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(Barrington School Code: 400000)

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Frequently Asked Questions

1. What factors should my son or daughter consider when selecting a college?

  • Size (ie. larger than 5,000, smaller than 15,000)
  • Location (ie.northeast, west coast)
  • Campus (urban/rural setting)
  • Intended major/minor
  • Cost (financial aid opportunities)
  • Extracurricular opportunities (intercollegiate athletics vs intramurals)

2. What do admission counselors look at when considering a student's application to their school?
The majority of schools place particular importance on the student's transcript, difficulty of courses taken, and GPA. Other factors include standardized test scores (SAT Reasoning, SAT Subject, ACT), personal essay, letters of recommendation, and extracurricular activities.

3. Who should I ask to write my letters of recommendation?
Most colleges require up to three letters of recommendation. Two letters should come from classroom teachers and the other from your guidance counselor. Students should choose teachers that will emphasize the strengths and skills they observed in the classroom. Be certain to give teachers at least two weeks notice of application deadlines. Students should provide teachers with a resume, an information sheet with a list of schools and deadlines, teacher evaluation forms, and stamped, addressed envelopes.

4. What is the difference between Early Decision and Early Action?
Early Decision requires an academically qualified student to submit an application to a university by a set date (usually by November 1st or November 15th). By applying Early Decision, the student has made a committment to attend that college if admitted, and to withdraw all other applications upon acceptance. Early Decision is not recommended unless the student is absolutely sure that he/she will attend the university if accepted. Early Action is a non-binding plan that requires an academically qualified student to submit an application by an early deadline so that the student may know at an early date whether he/she has been accepted. A student may apply Early Action to more than one institution, unless the institution's policy is "Early Action-Single Choice".

5. When should my son or daughter take the SAT I (Reasoning Test)? How many times should my son or daughter take them?
The recommended track would be the following:-Students take the PSATs in the Fall of their Sophomore and Junior years-Students take the SAT I (Reasoning Test) in the spring of their Junior year-Students take the SAT I (Reasoning Test) again in the fall or winter of their Senior year.

It is recommended that a student take the SAT I (Reasoning Test) at least twice. Most colleges and universities will look at a candidiate's best Math and Verbal score when reviewing his/her application.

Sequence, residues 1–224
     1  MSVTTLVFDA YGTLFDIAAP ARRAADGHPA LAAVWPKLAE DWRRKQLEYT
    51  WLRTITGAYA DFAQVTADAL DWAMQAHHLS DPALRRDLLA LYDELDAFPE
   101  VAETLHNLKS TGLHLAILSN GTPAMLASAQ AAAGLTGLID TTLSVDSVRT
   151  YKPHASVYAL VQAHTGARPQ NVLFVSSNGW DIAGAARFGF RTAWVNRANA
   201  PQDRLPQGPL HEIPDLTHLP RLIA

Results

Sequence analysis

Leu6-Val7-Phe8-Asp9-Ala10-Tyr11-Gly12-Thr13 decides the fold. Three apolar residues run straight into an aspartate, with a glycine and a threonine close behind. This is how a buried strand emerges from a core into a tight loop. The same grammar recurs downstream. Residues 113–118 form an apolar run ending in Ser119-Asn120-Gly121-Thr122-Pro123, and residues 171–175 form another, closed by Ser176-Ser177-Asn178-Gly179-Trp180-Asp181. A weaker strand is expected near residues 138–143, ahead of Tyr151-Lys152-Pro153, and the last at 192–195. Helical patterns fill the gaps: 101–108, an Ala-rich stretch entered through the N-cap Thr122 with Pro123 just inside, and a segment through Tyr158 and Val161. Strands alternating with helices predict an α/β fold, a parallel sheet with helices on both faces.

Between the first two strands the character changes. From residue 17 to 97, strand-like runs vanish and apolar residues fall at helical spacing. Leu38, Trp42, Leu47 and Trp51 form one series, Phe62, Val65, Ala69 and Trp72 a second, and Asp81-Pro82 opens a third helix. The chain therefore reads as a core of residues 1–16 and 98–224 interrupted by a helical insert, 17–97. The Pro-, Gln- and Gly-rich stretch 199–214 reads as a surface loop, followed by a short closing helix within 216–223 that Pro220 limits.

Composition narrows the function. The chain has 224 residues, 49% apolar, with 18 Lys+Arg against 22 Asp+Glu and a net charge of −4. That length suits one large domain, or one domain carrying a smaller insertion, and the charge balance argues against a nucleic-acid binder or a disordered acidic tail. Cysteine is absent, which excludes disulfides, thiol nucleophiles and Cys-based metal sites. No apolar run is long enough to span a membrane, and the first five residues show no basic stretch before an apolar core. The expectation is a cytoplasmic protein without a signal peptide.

6. What is Score Choice? How does this change the way my son or daughter will report SAT scores (SAT I or SAT II) to individual colleges?
Score Choice is a new score reporting feature established by College Board that will start in March of 2009. Score Choice gives students the option to choose the SAT scores by test date and SAT Subject Test scores by individual test that they want sent to colleges. Score Choice is optional, and if students choose not to use it, all scores will be sent automatically. It should be noted that scores from an entire SAT test will be sent--scores of individual sections from different test dates cannot be selected independently for sending. Just a reminder that SAT scores must be sent directly from College Board to colleges and universities.

7. Who is responsible for reporting my son or daughter's SAT scores to colleges?
Students are now solely responsible for reporting their SAT scores to colleges. Students can select four schools to send scores to for free, but only if they are sent within ten days of taking the test. After that, it will cost $4.50 per school. Please see College Board's website for more details.

8. What are the SAT Subject Tests and when should my son/daughter take them?
The SAT Subject Tests (also known as SAT II) are tests in specific subject areas such as Biology, Chemistry, Spanish, etc... They are one hour tests and three may be taken in one sitting. SAT Subject Tests are required by some colleges in addition to the SAT I (Reasoning Test).

9. What is the difference between the SAT I (Reasoning Test) and the ACT?
The ACT is a more curriculum based five-section exam that includes Math (up to trigonometry), Science, Reading, English, and Writing (optional essay). Students that take the ACTs are not penalized for wrong answers and are encouraged to make an educated guess on each question. The SAT I (Reasoning Test) is a ten-section exam with three Critical Reading sections, three Math sections (up to Algebra II/Geometry), and three Writing sections. There is a penalty for each incorrect answer (1/4 of a point). The BHS Guidance Department recommends that if students do not do well on the SAT I, they should try the ACT.

10. How do I get help in preparing for the SATs?
The student may do one or more of the following:

Workshops and Information

Learn about the college application process at BHS Leadership Workshops:

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College Planning Center of RI

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